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Naira Official Rate Sinks to Near 1,000 on Scramble for Dollars

Naira Official Rate Sinks to Near 1,000 on Scramble for Dollars
A customer exchanges Nigerian 1000 Naira banknotes for US dollar banknotes with a street currency dealer at a market in Lagos, Nigeria, on Monday, Sept. 25, 2023. The Nigerian naira extended its slide and hurtled toward the 1000-per-dollar mark in street trading, as the central bank held back from supplying dollars to a panic-stricken market.

The naira slid to the brink of 1,000 per dollar in a fresh low in the official market thanks to a combination of central bank tolerance for a weakening currency and insatiable demand for the greenback.

The currency was pushed to its latest record a week after the central bank ended curbs on using dollars to buy dozens of imported items, while this time of year typically sees Nigerians making payments for tuition at foreign schools and universities, also adding to demand.

Traders exchanged the naira for the dollar in a range of 701 to 999 in transactions booked Thursday in the official market, Lagos-based investment bank Chapel Hill Denham said in a note on Friday.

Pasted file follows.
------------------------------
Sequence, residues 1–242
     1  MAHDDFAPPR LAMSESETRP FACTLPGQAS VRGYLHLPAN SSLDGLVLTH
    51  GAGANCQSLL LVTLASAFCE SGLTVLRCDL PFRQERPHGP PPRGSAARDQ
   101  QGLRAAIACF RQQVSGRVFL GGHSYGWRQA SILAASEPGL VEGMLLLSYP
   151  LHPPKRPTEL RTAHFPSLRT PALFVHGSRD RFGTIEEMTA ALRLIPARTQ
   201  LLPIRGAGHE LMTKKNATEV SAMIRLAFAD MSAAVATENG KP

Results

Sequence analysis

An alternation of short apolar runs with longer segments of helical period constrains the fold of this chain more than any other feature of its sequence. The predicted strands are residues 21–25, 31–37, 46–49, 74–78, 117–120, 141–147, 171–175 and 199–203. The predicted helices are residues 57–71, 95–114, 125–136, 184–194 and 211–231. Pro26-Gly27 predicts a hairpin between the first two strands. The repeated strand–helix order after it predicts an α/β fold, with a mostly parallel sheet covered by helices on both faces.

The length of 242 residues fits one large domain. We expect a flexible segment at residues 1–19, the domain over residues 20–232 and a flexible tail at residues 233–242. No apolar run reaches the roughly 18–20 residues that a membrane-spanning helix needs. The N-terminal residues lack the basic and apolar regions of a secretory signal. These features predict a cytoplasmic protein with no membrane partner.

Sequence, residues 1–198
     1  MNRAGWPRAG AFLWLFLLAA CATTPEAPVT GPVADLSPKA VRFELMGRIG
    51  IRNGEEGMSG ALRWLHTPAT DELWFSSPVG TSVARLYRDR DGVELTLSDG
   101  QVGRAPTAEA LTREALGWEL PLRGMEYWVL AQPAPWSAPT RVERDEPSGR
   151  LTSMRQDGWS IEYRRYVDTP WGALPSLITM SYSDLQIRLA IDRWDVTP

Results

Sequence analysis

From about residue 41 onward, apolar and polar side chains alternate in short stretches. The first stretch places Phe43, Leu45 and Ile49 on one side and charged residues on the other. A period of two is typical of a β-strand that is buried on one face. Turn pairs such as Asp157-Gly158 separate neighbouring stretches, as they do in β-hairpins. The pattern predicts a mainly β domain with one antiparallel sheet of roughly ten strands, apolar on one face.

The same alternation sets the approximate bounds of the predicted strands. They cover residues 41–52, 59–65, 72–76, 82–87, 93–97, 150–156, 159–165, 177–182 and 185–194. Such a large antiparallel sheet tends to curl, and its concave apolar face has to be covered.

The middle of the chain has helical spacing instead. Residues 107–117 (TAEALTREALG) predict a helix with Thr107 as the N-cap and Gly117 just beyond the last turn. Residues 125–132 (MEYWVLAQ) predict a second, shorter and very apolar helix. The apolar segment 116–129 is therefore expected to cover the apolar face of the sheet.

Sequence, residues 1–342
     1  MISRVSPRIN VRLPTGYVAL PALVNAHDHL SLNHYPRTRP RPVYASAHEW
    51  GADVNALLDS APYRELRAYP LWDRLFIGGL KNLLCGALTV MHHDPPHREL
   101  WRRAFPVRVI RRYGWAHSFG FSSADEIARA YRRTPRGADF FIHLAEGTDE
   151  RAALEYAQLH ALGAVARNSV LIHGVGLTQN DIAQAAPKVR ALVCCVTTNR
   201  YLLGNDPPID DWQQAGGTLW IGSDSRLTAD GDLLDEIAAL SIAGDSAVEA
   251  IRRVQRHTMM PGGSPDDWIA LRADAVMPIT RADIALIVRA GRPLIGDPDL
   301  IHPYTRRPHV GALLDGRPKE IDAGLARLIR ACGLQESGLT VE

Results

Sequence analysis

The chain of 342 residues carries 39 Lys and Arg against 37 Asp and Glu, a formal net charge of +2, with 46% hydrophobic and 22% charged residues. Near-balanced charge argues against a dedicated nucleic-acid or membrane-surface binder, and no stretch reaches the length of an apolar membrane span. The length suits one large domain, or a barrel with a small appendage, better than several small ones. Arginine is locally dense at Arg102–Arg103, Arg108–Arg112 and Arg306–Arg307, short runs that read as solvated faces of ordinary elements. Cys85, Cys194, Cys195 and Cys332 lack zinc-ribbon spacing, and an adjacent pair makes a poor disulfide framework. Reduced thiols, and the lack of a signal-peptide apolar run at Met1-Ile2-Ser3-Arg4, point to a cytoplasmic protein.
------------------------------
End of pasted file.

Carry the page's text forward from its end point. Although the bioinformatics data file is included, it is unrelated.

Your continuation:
The move was echoed in the parallel market, where the naira sank to 1,170 for a dollar on Friday from Thursday’s record 1,145, according to Abubakar Mohammed, chief executive officer of Forward Marketing Bureau de Change Ltd., who compiles the data. Nigerians unable to purchase hard currency at the official rate due to shortages are forced to buy it from street dealers at a premium.

The central bank eased foreign exchange controls in mid-June — prompting the official rate to plunge more than 40% over the past four months — as part of economic reforms overseen by President Bola Tinubu. Authorities this month scrapped restrictions on buying foreign currency required to import 43 items including rice, vegetables and chicken, a move that’s worsened the dollar shortage, according to CSL Stockbrokers.

Read more: Nigeria Allows Naira to Weaken Most in Four Months to Record

“A combination of the demand arising from the lifting of the foreign exchange ban on the 43 items and increased demand for FX for school fees at the start of the new school year have increased pressure at both the official and the parallel markets,” Gloria Fadipe, head of research at CSL in Lagos, said in a note on Friday.

Despite Tinubu’s reforms, foreign investors remain largely absent from Nigerian markets, discouraged by the shortage of dollars which makes it difficult for them to repatriate earnings.

“Many foreign investors have their eyes fixed on the exchange rate and are unlikely to return to the market if there are no feasible plans to increase FX supply,” Fadipe said.

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